Stepping back in time in Western Australia

Until 1961 stromatolites were only known from fossils. But we now know that living colonies remain in a few isolated sites in WA.
By John Pickrell November 7, 2013 Reading Time: 2 Minutes Print this page

AG’s deputy editor takes a trip to southwest WA and reports back on some of the natural wonders worth checking out next time you find yourself near Perth.

THESE MUDDY GREY humps fringing the shore of a shallow lake in WA’s Nambung National Park aren’t much to look at, but they were once the dominant form of life on Earth and we have them to thank for the oxygen that allowed us and all other complex life to evolve.

“They are lustreless and grey, and look…like very large cow-pats,” says travel writer Bill Bryson about similar structures up the coast at Shark Bay. “But it is a curiously giddying moment to find yourself staring at remnants of the Earth as it was 3.5 billion years ago.”

I’ve read about stromatolites before, but I’ve never had the opportunity to see any, so this wasn’t a chance I was going to readily turn down. On my third day in Perth I make a long trek 250 km up the coast to Nambung NP – partly to the see the Pinnacles Desert, but also to check out the stromatolites and thrombolites (which are similar but have a lumpy structure, rather than layered one) in Lake Thetis.

Stromatolites are layered rock-like structures formed over thousands of years by colonies of cyanobacteria, which harness energy from sunlight and produce oxygen in the process. We know that very early on in the history of life they were once very abundant on our planet, partly because of a series of remarkable 3.4 billion-year-old fossil sites in the Pilbarra and other parts of WA. These are some of the oldest known fossils on Earth.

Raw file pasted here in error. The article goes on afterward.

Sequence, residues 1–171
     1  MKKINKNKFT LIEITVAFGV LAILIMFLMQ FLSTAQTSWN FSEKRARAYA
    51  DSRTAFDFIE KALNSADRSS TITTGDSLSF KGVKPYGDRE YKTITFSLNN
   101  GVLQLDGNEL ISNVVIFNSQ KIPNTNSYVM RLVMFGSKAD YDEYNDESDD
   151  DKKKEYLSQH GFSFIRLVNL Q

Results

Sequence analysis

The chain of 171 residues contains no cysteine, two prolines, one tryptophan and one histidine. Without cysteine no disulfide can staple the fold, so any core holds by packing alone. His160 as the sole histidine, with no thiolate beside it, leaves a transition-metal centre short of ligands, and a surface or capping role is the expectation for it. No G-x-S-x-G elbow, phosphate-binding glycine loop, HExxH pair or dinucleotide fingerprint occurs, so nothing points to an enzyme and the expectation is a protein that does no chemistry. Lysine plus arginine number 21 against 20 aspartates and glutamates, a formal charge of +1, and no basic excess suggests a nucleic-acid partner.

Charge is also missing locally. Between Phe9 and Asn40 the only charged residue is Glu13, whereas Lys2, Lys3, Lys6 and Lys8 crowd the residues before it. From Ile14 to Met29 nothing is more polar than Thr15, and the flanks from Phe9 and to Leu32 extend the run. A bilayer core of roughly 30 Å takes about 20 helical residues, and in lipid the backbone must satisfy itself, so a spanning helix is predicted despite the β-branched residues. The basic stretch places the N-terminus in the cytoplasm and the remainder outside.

Until 1961 stromatolites were only known from fossils. But following a chance discovery, we now know that living colonies remain in a few isolated sites in WA, where conditions are no good for grazing animals. The most famous are in Hamelin Pool in the Shark Bay World Heritage Area, 850 km north of Perth, but you can also see them in Lake Clifton, south of Perth. The stromatolites currently living at both at Shark Bay and here are around 3500 years old.

What I think is most remarkable about these unremarkable-looking colonies of organisms is that they have remained pretty much unchanged — just hanging out, doing what stromatolites do — for nearly four billion years. They’ve made it through five cataclysmic mass extinctions (and are now making it through a sixth).

Now that is a living fossil. Our own species, which sprang onto the evolutionary playing field around 200,000 years ago, seems piddlingly insignificant in comparison.